New model takes cardiac research results from animals to humans

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Newswise – A team of scientists at UC Davis Health have developed a new predictive model that translates cardiac research results on different animal species into information specific to humans. This model could help speed up the drug development process, leading to new therapies for heart disease, such as irregular heartbeat (arrhythmia).

In their article published today in Science Advances, the researchers presented a set of translators to map the electrical activity of mouse, rabbit and human heart cells.

“The combined efforts of basic, translational and clinical research have greatly assisted our understanding of disease mechanisms over the past decades, but many challenges remain,” said Stefano Morotti, assistant professor in pharmacology To UC Davis School of Medicine and the main author of the study. “One of the main challenges is to translate the results of tests and trials on animal models into human applications.”

Differences between animal species affect results

Animal research remains essential in evaluating the efficacy and safety of new cardiac therapies. However, there are notable structural and functional differences between species. These include the size and shape of the heart, as well as the heart rate, which is, for example, about ten times faster in a mouse than in a human.

Understanding the magnitude of these differences is important for the development of antiarrhythmic treatments for heart patients.

“The implications of interspecies differences are significant in the pharmaceutical field, where there are growing concerns about the safety and efficacy of drugs tested on animals,” Morotti said.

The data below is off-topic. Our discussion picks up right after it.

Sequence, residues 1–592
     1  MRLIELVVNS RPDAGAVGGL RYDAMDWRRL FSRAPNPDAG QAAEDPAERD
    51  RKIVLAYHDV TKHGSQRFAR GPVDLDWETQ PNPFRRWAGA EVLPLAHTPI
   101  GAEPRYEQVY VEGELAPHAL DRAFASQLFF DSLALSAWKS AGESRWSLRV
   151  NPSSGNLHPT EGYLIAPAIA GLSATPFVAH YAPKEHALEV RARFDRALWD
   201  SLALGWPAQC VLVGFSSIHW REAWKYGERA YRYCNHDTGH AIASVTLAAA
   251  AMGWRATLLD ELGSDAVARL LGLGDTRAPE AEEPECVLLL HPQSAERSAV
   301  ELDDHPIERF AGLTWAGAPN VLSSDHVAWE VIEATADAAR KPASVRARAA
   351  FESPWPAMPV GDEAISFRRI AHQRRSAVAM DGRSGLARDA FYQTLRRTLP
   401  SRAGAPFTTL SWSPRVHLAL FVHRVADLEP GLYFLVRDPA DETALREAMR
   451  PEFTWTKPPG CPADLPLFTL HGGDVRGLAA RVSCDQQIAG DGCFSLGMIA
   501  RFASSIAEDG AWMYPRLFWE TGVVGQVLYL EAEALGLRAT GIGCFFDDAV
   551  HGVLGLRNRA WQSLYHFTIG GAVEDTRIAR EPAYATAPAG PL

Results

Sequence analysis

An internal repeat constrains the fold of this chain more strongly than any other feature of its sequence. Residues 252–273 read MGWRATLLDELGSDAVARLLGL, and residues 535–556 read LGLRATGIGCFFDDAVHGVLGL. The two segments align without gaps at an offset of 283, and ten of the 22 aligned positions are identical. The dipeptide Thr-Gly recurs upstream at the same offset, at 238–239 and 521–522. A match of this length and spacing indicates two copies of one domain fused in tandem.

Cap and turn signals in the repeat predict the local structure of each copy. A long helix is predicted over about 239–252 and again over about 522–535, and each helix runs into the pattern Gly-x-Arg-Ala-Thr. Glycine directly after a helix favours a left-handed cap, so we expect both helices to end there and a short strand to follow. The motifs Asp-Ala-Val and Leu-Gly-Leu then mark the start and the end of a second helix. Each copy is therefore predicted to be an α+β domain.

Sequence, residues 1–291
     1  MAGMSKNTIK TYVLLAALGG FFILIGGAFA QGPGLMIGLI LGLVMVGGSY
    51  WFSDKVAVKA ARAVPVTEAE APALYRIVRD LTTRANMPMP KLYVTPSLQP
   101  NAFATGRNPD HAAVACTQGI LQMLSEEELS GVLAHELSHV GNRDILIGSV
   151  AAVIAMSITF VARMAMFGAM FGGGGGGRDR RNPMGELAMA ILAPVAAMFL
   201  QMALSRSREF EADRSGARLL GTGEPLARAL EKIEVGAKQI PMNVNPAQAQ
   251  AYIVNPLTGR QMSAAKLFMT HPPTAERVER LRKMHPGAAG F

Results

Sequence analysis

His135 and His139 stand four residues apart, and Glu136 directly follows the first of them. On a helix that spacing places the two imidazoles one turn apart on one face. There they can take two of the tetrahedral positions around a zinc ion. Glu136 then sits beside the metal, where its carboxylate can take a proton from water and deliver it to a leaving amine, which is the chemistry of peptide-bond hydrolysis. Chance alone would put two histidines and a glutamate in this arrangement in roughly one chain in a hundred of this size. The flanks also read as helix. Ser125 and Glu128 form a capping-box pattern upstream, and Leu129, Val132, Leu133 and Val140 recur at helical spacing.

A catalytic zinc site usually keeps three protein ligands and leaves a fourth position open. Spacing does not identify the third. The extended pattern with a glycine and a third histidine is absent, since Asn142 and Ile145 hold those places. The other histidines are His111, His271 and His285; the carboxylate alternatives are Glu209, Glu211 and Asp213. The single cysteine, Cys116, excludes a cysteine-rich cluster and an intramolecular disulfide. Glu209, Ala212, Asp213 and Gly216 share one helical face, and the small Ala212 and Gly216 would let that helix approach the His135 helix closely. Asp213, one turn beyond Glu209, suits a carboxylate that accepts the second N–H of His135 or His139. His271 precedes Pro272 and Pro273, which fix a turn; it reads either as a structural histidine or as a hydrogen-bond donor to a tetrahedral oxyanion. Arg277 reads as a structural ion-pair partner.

Translate findings from one species to another

Prior to conducting clinical trials in humans, researchers primarily use small mammals such as mice and rabbits to study the heart’s electrical mechanism, known as the electrophysiological response. Despite the genetic similarities, the differences in cardiac function in mammals are clear both at the organ level and at the cellular level.

The research team simulated computer models of mouse, rabbit, and human heart muscle cells to create a set of translators to map electrophysiological responses across species. They have built a system that allows them to translate the measurements obtained in animals, to humans. These could include the effects of medications, heart rate irregularities, or changes due to heart disease.

They have shown that these predictive tools are well suited for predicting human electrophysiological changes in response to antiarrhythmic drugs, based on a response measured in animal models. They have also shown that these tools can help design experiments that maximize transferability to human physiology.

Predictive modeling tools to support drug discoveries

The researchers suggest integrating the predictive model into drug development studies and pipelines.

“In accordance with the 3R principles of replacement, reduction and refinement in animal research, the adoption of modeling and translation tools in experimental practice could be beneficial in several applications of animal experimentation,” said Ele Grandi, associate professor of pharmacology at UC Davis School of Medicine and lead author of the study. “We have demonstrated that this mathematical modeling approach is useful in predicting the effects of cardiac disorders in different species or experimental conditions.”

High throughput screening (HTS) is a drug discovery process that automatically tests a large number of compounds for a specific biological target. The team plans to integrate their tool directly into HTS systems used in the pharmaceutical industry to assess the efficacy and safety of new drugs.

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Other UC Davis co-authors are Caroline Liu, Bence Hegyi, Haibo Ni, Alex Fogli Iseppe, Lianguo Wang, Crystal M. Ripplinger, Donald M. Bers and Andrew G. Edwards, and Marco Pritoni of Lawrence Berkeley National Laboratory .

This work was supported by grants from the National Heart, Lung, and Blood Institute (NHLBI) of the National Institutes of Health (NIH) (R00HL138160, R01HL131517, P01HL141084 and R01HL111600), NIH Stimulating Peripheral Activity to Relieve Conditions Grant (1OT2OD026580-01 ), American Heart Association Scientist Development Award (15SDG24910015), Postdoctoral Fellowship (20POST35120462), UC Davis School of Medicine Dean’s Fellow Award and Health and Environmental Sciences Institute Grant (U01FD006676-01).

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